- Published in personnel magazine 3/1991. Interview by Pertti Aapro on 13.10.1991.

- My friend had a cousin who was part of Santahamina's staff. I myself was working in a shop in Helsinki at the time. The Santahamina club had a dance gathering where my friend and I went. Entrance tickets included a draw with a flight by plane as the win. How to be, the draw was conducted and my friend and I won the flight.

- Flight gloves and flight goggles, we got, otherwise we were in our own winter clothes. It was a warm spring winter sunny day when my friend and I took a flight, recalls Anni Murtovaara.

When I went back to work, I was a bit anxious when I had to ask for the day off. At that time, taking a day off was not as clear as it is today. Especially since I'd only been at my job for ten days. The lady wondered what you need time off for. I replied that I'm going to fly over Santahamina. Well, that's what the lady wondered, but yes, she gave me time off once there was a question about flying.

- The time was maybe 1926-1927, I'm not quite sure, but around that time anyway. The plane we got to fly on was the Hansa Brandenburg — a seaplane of which 122 were built in Finland. Still the largest series of numbers that have been built in our country and the Hansa Brandenburg was the first aircraft built in Finland.

Noteworthy is that handsome name. Around this time, in Germany, impressive names were given to aircraft. The Finnish designed aircraft were given the name of a bird or weather. Possibly that name Hansa is associated with resembling a trade union once influenced in the Baltic Sea, in which the German Lübeck had a leading role. Brandenburg, on the other hand, is a certain administrative area near Berlin, which involves a lot of important history. Let us remember the Brandenburg concertos of the great composer Johann Sebastian Bach.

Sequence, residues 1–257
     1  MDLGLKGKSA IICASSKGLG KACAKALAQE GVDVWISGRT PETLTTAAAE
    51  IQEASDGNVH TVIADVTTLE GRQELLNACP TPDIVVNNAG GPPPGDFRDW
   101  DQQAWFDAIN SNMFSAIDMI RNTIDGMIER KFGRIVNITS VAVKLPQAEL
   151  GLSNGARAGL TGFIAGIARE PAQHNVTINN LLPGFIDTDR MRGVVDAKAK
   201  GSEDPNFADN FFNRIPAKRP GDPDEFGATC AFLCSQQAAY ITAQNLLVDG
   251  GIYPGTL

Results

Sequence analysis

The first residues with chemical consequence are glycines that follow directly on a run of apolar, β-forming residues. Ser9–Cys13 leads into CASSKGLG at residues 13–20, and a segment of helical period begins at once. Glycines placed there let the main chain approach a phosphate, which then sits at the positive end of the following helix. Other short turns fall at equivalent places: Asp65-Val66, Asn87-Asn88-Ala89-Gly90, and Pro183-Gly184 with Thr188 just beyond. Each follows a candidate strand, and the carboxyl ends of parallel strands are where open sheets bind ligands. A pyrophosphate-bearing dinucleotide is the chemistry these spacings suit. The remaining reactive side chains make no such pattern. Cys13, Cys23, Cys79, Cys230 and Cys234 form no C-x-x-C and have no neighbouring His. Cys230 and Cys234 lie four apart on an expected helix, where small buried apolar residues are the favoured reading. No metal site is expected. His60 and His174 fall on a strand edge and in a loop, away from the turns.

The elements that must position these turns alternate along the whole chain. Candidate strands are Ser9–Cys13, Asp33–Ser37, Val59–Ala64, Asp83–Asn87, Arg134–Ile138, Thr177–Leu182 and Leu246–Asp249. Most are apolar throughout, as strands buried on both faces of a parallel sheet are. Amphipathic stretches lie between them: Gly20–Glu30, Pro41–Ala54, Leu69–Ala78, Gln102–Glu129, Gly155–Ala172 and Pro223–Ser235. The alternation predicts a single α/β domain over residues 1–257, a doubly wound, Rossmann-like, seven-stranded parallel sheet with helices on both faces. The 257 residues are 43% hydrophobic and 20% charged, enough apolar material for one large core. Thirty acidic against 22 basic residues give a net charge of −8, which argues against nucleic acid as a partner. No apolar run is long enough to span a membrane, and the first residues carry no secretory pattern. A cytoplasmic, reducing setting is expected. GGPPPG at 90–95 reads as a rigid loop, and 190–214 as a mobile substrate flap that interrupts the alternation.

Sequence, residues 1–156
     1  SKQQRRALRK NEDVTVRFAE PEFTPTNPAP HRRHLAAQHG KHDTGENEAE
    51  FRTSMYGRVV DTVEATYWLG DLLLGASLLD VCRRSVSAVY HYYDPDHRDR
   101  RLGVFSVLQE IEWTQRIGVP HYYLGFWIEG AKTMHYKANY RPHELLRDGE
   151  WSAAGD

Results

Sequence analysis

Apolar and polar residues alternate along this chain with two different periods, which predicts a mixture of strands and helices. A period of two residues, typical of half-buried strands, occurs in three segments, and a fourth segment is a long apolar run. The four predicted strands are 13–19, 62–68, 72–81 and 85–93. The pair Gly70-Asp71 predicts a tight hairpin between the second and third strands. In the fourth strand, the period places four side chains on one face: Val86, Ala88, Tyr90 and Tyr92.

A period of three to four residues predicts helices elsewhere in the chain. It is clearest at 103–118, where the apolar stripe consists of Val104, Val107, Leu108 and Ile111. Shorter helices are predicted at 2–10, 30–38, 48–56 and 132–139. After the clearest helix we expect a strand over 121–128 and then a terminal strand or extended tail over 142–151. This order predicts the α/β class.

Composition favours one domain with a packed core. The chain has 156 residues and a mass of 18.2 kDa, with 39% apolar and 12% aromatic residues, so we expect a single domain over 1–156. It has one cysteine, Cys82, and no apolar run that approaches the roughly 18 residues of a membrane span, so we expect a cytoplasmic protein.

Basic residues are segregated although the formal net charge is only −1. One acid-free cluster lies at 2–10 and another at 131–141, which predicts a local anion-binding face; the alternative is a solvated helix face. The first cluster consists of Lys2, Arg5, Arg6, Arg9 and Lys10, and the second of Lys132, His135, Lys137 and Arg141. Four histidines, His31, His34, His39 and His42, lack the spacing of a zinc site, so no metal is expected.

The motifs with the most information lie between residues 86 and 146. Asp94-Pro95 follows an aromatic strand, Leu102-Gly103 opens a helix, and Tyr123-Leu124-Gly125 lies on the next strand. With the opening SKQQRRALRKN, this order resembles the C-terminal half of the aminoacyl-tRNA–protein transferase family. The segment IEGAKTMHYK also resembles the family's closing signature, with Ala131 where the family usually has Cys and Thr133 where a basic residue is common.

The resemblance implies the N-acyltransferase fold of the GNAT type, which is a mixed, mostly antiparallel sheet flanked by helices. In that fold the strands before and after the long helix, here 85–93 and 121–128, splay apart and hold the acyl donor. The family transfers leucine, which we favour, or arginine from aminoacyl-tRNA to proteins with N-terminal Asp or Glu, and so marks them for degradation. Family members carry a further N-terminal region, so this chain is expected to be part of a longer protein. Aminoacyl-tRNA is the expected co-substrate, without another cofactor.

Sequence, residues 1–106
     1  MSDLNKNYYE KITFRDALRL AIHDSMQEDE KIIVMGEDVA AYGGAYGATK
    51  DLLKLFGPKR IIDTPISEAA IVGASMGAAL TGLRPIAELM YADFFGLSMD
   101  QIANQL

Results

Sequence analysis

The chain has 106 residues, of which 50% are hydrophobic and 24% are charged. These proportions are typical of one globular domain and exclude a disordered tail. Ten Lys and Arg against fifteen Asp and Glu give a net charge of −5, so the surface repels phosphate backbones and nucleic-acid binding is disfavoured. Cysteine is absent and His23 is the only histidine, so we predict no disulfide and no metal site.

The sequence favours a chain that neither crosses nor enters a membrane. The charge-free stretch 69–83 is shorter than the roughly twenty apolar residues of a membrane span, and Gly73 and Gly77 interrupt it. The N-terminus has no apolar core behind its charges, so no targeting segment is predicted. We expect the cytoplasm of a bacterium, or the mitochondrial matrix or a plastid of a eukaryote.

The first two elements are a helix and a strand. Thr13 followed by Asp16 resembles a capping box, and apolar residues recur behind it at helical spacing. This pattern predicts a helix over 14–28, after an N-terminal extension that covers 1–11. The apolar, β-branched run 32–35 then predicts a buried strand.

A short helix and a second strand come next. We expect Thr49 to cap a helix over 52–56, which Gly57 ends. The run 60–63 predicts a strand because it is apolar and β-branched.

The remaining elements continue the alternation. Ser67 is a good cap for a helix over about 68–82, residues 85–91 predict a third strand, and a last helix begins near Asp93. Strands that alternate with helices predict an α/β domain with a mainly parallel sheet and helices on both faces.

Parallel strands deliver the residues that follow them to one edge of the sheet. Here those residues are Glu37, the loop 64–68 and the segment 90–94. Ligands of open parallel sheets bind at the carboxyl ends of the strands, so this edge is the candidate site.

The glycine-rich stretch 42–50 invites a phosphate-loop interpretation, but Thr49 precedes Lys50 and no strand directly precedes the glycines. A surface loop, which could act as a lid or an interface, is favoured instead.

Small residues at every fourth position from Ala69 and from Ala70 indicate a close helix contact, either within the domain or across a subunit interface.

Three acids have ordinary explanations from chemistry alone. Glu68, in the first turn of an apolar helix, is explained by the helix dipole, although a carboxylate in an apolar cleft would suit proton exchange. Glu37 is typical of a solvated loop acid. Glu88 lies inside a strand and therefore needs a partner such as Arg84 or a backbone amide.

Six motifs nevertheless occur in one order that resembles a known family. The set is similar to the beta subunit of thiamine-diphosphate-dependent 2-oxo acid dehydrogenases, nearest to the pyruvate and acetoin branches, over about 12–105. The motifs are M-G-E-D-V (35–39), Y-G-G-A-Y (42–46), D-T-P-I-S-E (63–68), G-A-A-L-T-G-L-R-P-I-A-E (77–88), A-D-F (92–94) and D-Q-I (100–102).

- The first Hansa Brandenburg aircraft manufactured in Finland was received in 1922 by opera singer Aino Acht-Jalander, the spouse of Minister of Defence Bruno Jalander. That aircraft was, designed by the famous Ernst Heinkel.

- Before the flight, we signed a paper waiving claims for compensation, in the event of a possible accident. We were looking around in spite of the hard wind the landscape below us, the noice was also loud. The tanks of the oil refinery on the beach looked just like wire rolls. Hansa, which we were flying, was on ski gear. Maybe for half an hour we were in the air and landed succesfully.

- I did not yet foresee that aircraft were coming into my life, even though I already knew my future husband Kosti Murtovaara. Kosti was employed in Suomenlinna.

During the Winter War, the Aircraft Factory was decentralized to many localities. The road of the Murtovaara family also passed through Kolho to Kuorevesi in November 1940.

- There was a completed residential area in Taipale that we moved to. Life was quite different for people accustomed to urban life, e.g., the water we carried from a common water station. A good spirit prevailed among everyone, one helped each other. Little get-togethers were kept, too.

My husband was working as a foreman for the plate department of the Aircraft Plant. Kosti enjoyed nature and was happy to fish in Lake Kuorikka. In the village of Suinula, we built a summer house, got to know many families and made friends. My son has also built a summer house here and feels at home in Kuorevesi.

- Still, the former residents of Taipale stay in touch and look back on those times, which in so many ways were different from this current time. As an example, our gathering at Restaurant Halli's Janne, where also people of a new generation arrived.

Kosti Murtovaara died in 1982 in Tampere, where our narrator Anni Murtovaara spends her retirement days and often visits her friends in Kuorevesi, where this interview was done too.